Holy Martyr Theodor of Komogovo

Teodor Sladić (Теодор Сладић) was born in a village in Kukuruzari (today Croatia) into a humble Serb family named Sladić. As a young man he accompanied a monk from the Serbian Orthodox Komogovina monastery (which is near his birthplace in Kukuruzari) to Moštanica monastery near Kozarska Dubica. He undertook an austere life both at Komogovina and Moštanica. When the Ottomans burned Moštanica, they killed many monks, as well as a large number of local Serbs from the surrounding villages.

The Holy Martyr George of Kratovo

By origin, George was a Serb from the town of Kratovo. He was a silversmith by trade and, in his heart and soul, was a convinced and a devout Christian. George was eighteen years old when the Turks tried to convert him to Islam. George remained as firm as a diamond in his faith. The Turks tortured him with many cruel tortures and finally burned him at the stake. He suffered for the beautiful Faith of Christ on February 11, 1515 A.D. in Sofia, Bulgaria, during the reign of Sultan Selim and was glorified with unfading glory in the heavens.

Saint Sava the Second of Serbia

Saint Sava II (Serbian: Свети Сава II / Sveti Sava II; 1201–1271) was the third Archbishop of the Serbian Orthodox Church, serving from 1263 until his death in 1271. He was the middle son of King Stefan the First-Crowned of the Nemanjić dynasty and his Byzantine wife Eudokia Angelina. He had two brothers, Stefan Radoslav and Stefan Vladislav, and a sister, Komnena. Predislav took the monastic name of Sava, after his uncle, Saint Sava, the first Serbian Archbishop.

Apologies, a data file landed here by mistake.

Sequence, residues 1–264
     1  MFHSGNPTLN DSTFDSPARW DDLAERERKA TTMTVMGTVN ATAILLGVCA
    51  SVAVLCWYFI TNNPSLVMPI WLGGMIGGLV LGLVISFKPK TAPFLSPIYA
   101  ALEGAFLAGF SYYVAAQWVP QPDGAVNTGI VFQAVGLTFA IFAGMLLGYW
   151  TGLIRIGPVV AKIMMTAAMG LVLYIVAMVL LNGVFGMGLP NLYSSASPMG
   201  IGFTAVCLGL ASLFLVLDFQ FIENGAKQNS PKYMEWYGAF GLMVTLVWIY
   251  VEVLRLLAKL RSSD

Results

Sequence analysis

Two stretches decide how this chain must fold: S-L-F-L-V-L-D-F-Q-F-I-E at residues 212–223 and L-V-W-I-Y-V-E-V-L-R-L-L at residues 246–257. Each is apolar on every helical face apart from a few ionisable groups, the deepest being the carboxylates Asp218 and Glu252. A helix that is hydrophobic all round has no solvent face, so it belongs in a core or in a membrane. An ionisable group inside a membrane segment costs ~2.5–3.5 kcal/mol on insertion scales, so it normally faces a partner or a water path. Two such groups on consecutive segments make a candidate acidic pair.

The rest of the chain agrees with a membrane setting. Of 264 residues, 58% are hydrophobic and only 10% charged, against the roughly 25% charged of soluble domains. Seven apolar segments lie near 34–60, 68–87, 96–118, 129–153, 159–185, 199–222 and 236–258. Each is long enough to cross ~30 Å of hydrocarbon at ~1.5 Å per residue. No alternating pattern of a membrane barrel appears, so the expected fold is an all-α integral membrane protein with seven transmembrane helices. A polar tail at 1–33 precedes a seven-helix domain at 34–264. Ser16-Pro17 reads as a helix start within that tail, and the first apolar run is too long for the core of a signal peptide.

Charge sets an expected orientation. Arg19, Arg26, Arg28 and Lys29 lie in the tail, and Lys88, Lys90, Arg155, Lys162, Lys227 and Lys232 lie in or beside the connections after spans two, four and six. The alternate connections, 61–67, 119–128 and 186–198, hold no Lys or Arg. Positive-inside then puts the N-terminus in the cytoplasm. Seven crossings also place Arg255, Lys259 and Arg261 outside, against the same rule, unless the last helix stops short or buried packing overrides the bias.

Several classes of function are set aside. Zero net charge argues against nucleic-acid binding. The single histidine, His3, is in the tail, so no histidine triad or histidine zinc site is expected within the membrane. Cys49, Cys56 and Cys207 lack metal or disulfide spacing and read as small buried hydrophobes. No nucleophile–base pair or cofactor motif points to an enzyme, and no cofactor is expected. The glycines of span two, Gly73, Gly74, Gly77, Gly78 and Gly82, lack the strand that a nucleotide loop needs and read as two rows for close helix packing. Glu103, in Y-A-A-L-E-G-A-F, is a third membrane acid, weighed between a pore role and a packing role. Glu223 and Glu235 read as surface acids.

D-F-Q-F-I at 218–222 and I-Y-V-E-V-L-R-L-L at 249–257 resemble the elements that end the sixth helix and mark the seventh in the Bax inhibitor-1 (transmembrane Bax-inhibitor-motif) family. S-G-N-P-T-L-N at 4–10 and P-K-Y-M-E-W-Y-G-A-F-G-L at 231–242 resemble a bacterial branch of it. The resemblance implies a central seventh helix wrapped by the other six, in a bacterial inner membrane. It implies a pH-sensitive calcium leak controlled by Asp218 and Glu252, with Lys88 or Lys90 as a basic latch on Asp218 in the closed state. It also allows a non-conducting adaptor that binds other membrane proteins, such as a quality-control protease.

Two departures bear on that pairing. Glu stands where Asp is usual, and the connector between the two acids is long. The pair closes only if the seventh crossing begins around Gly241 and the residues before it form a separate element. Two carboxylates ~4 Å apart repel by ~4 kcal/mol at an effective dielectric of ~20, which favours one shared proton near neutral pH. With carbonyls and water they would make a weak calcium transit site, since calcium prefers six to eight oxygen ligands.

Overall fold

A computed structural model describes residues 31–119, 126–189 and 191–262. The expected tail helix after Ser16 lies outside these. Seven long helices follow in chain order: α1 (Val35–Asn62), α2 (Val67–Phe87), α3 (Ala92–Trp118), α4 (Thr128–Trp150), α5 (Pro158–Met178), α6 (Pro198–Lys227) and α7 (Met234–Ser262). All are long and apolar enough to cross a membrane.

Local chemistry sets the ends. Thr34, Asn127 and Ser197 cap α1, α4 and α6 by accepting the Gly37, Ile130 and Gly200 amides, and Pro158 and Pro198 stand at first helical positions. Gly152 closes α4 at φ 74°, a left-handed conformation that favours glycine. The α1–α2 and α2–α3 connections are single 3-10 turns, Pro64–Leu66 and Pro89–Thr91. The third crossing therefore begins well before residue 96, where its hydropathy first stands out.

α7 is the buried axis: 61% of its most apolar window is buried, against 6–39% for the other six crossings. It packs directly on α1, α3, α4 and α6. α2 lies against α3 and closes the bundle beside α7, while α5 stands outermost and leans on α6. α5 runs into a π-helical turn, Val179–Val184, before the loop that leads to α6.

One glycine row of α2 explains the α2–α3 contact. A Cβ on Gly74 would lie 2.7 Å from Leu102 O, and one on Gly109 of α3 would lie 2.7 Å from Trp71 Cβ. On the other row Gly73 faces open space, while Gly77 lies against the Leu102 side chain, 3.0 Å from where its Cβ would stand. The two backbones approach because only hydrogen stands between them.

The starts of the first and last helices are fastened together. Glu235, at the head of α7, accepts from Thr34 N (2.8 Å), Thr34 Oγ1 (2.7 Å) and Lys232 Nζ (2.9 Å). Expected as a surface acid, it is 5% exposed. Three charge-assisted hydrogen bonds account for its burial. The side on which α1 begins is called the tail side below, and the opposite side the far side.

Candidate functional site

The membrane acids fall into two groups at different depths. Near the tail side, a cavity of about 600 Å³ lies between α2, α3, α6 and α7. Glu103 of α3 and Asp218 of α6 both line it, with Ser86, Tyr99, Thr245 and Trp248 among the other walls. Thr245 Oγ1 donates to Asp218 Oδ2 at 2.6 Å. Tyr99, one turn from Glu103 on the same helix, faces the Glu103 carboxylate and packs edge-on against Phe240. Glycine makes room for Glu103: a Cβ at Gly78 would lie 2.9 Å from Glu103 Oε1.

St. Photius the Patriarch of Constantinople

Saint Photius, Patriarch of Constantinople, “the Church’s far-gleaming beacon,” lived during the ninth century, and came from a family of zealous Christians. His father Sergius died as a martyr in defense of holy icons. Saint Photius received an excellent education and, since his family was related to the imperial house, he occupied the position of first state secretary in the Senate. His contemporaries said of him: “He so distinguished himself with knowledge in almost all the secular sciences, that it rightfully might be possible to take into account the glory of his age and compare it with the ancients.”

Michael, the young successor to the throne, and Saint Cyril, the future Enlightener of the Slavs, were taught by him. His deep Christian piety protected Saint Photius from being seduced by the charms of court life. With all his soul, he yearned for monasticism.

Holy, Righteous Simeon the God-Receiver

Righteous Simeon the God-Receiver was, according to the testimony of the holy Evangelist Luke, a just and devout man waiting for the consolation of Israel, and the Holy Spirit was upon him (Luke 2:25). God promised him that he would not die until the promised Messiah, Christ the Lord, came into the world.

Ancient historians tell us that the Egyptian pharaoh Ptolemy II Philadelphus (285-247 B.C.) wished to include texts of Holy Scripture in the famous Library at Alexandria. He invited scholars from Jerusalem, and the Sanhedrin sent their wise men. The Righteous Simeon was one of the seventy scholars who came to Alexandria to translate the Holy Scriptures into Greek. The completed work was called “The Septuagint,” and is the version of the Old Testament used by the Orthodox Church.